The latest series of Ryzen CPUs has been out for six weeks and yet only about a week ago were we able to get our hands on the Ryzen 7 3800X for the first time. So what's the deal? Why has the 3800X been so hard to get, how does it differ from the 3700X and why has the TDP increased by over 60% for a 100 MHz increase in boost frequency?
Having tested 3rd-gen Ryzen processors with the RTX 2080 Ti extensively, our idea behind this new feature is to add mainstream and budget GPUs to the mix in a benchmark run that reflects more settings and resolutions gamers will likely use when tuning their PCs for gaming: we've picked the RTX 2070 Super, RX 5700 and Radeon RX 580.
When we reviewed Ryzen's latest iteration we briefly checked out different DDR4 memory speeds but now that things have settled we were put on a mission to benchmark memory performance on 3rd-gen Ryzen to see if spending more makes sense or not.
When we reviewed the new Ryzen 5 3600 we had plenty of positive things to say about it, and that was comparing it to the more expensive Core i5-9600K. Now against the 9400F, the cheapest 9th-gen Core i5 processor you can buy at $150. Budget-minded builders may be considering going Intel after all. Does it make sense?
Intel announces nearly a dozen 10th-gen 'Ice Lake' processors and invites the press to a benchmark session
When we compared AMD's Ryzen 9 3900X gaming head to head against the Core i9-9900K we found that the 12-core AMD processor was about 6% slower. We've been requested by readers to retest the 3900X with SMT disabled, essentially turning the 12-core, 24-thread CPU into a 12-core, 12-thread CPU. Many say this can significantly improve gaming performance... but why?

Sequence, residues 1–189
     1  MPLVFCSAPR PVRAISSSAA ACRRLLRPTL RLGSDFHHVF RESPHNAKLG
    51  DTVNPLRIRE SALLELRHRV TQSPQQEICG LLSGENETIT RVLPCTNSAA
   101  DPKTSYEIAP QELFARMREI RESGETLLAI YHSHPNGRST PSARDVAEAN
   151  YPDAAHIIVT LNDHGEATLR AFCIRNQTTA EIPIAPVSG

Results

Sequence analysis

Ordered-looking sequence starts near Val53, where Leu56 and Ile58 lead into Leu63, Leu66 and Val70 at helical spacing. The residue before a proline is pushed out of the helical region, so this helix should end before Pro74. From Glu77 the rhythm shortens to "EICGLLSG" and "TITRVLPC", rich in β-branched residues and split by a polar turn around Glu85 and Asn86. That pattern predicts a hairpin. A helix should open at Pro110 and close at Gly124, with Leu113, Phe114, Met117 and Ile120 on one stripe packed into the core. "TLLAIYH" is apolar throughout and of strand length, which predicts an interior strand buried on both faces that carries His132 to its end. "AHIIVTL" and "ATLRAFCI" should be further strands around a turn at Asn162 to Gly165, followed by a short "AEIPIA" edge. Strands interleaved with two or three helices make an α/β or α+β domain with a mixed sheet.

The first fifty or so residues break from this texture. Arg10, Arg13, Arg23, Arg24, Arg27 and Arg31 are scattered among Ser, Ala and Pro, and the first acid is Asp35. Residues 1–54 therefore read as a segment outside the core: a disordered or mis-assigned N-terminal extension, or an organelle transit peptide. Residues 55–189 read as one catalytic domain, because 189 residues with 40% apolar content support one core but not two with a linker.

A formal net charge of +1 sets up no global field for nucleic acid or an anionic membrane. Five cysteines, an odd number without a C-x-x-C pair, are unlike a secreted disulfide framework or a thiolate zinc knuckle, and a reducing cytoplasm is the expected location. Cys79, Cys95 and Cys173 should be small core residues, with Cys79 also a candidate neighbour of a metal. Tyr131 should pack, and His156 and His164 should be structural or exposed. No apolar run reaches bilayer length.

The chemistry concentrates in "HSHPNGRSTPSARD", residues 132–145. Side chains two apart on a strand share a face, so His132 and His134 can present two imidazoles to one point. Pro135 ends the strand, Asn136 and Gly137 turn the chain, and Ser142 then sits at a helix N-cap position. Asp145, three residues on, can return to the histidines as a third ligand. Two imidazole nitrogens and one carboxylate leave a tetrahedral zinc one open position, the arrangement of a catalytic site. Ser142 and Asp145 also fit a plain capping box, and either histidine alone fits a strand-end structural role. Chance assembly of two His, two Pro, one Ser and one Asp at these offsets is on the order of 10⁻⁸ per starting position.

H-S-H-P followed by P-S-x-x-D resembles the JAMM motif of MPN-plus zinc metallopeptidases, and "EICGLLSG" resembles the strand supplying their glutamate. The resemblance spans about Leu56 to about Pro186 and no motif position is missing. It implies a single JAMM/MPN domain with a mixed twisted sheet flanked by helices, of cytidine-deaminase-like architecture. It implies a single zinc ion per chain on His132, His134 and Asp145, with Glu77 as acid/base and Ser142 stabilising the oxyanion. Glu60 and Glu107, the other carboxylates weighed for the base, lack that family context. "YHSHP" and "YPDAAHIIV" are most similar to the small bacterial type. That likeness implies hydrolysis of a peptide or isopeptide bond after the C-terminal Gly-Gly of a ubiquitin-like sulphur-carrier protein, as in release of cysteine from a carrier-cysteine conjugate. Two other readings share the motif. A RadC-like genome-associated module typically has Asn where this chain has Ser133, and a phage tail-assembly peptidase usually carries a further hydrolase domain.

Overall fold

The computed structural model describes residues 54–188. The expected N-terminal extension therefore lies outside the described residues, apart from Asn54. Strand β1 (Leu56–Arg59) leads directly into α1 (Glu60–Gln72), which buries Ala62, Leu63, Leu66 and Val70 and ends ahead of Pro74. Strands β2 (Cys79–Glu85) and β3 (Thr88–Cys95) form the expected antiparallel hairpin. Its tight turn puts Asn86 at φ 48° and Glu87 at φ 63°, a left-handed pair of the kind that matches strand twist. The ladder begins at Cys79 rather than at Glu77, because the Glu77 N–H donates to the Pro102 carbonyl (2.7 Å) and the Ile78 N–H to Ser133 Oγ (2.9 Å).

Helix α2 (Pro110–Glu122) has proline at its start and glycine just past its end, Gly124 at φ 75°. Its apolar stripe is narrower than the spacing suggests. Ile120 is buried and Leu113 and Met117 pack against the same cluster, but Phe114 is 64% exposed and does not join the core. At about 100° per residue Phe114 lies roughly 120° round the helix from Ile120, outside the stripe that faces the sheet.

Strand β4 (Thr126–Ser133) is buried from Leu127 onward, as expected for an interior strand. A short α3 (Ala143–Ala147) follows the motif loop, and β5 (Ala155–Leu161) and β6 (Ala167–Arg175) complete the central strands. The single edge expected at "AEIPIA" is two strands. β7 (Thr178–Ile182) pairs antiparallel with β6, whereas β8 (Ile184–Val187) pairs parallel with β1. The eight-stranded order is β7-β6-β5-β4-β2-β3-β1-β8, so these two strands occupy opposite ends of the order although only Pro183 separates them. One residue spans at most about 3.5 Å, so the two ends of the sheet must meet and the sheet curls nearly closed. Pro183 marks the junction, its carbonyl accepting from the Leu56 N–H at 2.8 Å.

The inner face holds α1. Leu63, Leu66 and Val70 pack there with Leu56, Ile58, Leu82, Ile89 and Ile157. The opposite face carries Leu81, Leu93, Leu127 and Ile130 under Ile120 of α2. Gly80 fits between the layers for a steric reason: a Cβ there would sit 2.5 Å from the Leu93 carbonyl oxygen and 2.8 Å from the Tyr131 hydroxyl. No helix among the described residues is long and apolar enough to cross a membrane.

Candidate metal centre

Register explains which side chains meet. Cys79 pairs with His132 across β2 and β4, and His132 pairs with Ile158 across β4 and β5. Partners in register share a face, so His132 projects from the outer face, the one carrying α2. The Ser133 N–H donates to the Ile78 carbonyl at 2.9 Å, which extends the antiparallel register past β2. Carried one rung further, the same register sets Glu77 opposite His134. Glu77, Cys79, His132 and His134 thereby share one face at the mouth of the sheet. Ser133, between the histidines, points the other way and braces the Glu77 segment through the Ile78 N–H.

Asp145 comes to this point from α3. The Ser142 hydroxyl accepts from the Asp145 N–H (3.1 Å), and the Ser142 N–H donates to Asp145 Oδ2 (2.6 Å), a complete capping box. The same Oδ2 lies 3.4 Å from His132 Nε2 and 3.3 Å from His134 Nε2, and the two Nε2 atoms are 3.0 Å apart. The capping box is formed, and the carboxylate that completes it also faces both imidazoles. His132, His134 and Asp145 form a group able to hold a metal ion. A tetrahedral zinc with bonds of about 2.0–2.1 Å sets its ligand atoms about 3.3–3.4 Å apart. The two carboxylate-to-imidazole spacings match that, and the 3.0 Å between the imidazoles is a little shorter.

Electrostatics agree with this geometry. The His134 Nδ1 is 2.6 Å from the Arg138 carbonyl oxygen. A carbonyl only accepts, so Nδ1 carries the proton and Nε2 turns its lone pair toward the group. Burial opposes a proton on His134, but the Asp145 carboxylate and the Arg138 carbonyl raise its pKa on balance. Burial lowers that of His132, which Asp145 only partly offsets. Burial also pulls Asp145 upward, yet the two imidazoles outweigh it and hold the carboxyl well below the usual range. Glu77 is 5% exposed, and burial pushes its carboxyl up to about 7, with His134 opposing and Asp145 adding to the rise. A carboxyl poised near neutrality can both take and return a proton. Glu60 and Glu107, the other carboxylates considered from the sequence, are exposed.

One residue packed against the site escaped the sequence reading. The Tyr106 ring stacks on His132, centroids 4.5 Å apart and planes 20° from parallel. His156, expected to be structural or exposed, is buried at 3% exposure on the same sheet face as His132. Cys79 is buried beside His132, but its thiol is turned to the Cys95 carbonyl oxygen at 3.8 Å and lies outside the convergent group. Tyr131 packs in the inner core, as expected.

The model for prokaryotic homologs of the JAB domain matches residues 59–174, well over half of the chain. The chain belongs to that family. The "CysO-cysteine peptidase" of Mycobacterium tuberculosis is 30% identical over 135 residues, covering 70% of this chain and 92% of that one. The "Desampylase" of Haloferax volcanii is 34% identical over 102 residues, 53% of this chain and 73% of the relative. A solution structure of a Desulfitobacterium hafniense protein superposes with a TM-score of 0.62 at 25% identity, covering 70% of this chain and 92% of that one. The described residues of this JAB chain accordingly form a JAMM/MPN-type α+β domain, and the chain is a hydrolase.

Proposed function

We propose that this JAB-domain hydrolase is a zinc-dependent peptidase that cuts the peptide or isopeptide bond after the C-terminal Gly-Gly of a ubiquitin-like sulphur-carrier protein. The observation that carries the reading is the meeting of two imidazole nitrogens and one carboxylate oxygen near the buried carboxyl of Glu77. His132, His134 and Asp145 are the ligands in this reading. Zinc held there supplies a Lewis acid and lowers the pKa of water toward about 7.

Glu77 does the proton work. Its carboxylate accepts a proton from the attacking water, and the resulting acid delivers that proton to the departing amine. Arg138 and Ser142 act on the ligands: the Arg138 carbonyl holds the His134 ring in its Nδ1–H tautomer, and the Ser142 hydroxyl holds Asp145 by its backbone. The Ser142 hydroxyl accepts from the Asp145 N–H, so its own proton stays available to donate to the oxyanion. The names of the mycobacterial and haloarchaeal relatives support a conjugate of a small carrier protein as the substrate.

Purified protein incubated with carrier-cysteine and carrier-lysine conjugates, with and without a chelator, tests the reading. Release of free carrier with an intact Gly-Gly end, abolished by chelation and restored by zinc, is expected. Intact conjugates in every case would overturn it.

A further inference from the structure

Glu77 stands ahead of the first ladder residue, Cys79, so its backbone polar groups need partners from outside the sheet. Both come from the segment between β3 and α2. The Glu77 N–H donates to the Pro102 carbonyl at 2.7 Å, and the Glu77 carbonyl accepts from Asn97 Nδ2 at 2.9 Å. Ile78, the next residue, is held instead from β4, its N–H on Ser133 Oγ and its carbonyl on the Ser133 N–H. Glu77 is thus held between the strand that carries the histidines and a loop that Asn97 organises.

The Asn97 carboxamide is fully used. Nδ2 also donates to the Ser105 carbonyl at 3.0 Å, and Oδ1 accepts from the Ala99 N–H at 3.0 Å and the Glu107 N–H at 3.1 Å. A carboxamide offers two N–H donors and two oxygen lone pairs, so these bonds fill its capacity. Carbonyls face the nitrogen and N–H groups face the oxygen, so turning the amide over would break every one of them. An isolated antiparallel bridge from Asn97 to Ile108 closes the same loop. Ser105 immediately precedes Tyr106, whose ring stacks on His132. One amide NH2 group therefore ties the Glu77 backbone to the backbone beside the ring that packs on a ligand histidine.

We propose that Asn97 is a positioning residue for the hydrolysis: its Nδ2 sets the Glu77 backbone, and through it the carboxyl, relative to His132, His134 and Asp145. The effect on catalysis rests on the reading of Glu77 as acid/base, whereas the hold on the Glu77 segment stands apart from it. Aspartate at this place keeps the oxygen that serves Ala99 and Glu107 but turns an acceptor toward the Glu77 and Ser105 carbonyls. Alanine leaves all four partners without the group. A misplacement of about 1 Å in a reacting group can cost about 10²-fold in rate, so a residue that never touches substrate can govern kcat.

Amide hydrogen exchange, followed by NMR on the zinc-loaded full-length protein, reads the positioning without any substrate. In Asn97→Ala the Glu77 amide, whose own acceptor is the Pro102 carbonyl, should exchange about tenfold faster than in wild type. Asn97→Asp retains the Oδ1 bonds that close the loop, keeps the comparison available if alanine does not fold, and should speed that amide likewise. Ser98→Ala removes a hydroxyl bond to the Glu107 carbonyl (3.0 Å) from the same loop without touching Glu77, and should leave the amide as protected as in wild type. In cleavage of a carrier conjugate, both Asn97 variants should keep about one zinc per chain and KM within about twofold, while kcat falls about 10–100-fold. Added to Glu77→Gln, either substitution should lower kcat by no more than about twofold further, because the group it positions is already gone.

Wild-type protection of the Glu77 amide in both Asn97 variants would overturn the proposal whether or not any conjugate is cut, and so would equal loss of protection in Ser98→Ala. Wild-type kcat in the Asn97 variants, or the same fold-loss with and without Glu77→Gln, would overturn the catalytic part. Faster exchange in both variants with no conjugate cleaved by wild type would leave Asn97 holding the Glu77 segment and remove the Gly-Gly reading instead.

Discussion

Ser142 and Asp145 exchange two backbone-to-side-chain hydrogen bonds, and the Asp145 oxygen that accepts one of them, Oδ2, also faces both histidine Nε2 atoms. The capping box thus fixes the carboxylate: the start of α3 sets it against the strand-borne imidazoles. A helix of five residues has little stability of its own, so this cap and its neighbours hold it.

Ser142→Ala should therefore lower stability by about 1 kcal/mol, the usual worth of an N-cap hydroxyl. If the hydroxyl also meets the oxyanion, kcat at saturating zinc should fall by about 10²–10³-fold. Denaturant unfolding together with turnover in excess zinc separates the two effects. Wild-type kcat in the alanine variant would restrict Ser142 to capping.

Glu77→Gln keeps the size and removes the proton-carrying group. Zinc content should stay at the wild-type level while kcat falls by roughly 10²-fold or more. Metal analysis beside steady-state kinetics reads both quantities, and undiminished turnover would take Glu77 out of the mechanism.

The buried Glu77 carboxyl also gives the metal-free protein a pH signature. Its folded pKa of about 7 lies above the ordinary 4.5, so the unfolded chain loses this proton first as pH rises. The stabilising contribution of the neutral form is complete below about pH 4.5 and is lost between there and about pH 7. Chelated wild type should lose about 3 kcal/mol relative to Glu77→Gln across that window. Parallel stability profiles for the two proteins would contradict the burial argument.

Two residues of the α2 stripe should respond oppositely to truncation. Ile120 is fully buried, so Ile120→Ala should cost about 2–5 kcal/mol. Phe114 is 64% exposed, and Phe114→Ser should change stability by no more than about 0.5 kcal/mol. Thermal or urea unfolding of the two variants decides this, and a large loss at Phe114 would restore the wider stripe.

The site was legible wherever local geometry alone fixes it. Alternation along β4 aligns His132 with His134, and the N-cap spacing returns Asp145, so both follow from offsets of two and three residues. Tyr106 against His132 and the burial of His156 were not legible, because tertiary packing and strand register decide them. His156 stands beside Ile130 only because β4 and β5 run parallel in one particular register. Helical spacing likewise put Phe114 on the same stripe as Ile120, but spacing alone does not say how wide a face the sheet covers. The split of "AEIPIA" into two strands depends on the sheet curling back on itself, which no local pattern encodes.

We were among the first to review the Ryzen 5 3600 and at $200 we found the 6-core, 12-thread processor a crankin' good deal. In short, it murders the 9600K in core-heavy productivity benchmarks and was right there for the gaming tests. But without question the most popular question we received afterwards was: should you buy the Ryzen 5 3600 or the 3600X?
As part of the big Zen 2 Ryzen processor launch, AMD released two Ryzen 3000 parts that include a graphics component. The new Ryzen 3 3200G and Ryzen 5 3400G APUs are straightforward upgrades compared to the models they replace, starting at $99 and $149 respectively.
A battle that needs no further introduction, we're pitting the new Ryzen 9 3900X head to head against the Core i9-9900K in 36 games. There's loads of results to go over and this article is solely focused on PC gaming performance.
Expanding upon all the testing we performed in our day-one 3rd-gen Ryzen coverage, today we'll be running a clock-for-clock comparison benchmark. IPC can be a good indicator of a processor's architecture efficiency, so we're pitting the new Ryzen 3900X and 3700X against Intel's Core i9-9900K.
When we reviewed 3rd-gen Ryzen we deliberately used the included box coolers for the majority of the testing, it's included in the price after all. Following up to that testing, today we're going to compare how the Ryzen 9 3900X performs using the Wraith Prism RGB stock cooler against a big 360mm all-in-one liquid cooler from DeepCool.
Surely you've read our 3rd-gen Ryzen review by now. While testing the new CPUs we posed the question, how well will these processors work on a really affordable B350 motherboard? The test subject for this experiment is the Asrock AB350M Pro4, the best 'ultra cheap' B350 motherboard we recommended back in 2017 coming in at just $75.
The successor to our favorite best value CPU, the Ryzen 5 3600 is AMD's new $200 6-core, 12-thread processor. The chip clocks between 3.6 GHz and 4.2 GHz, features a 32MB L3 cache and a 65 watt TDP. Included in the package is the Wraith Stealth cooler and a MSRP that matches the price the R5 2600 launched at.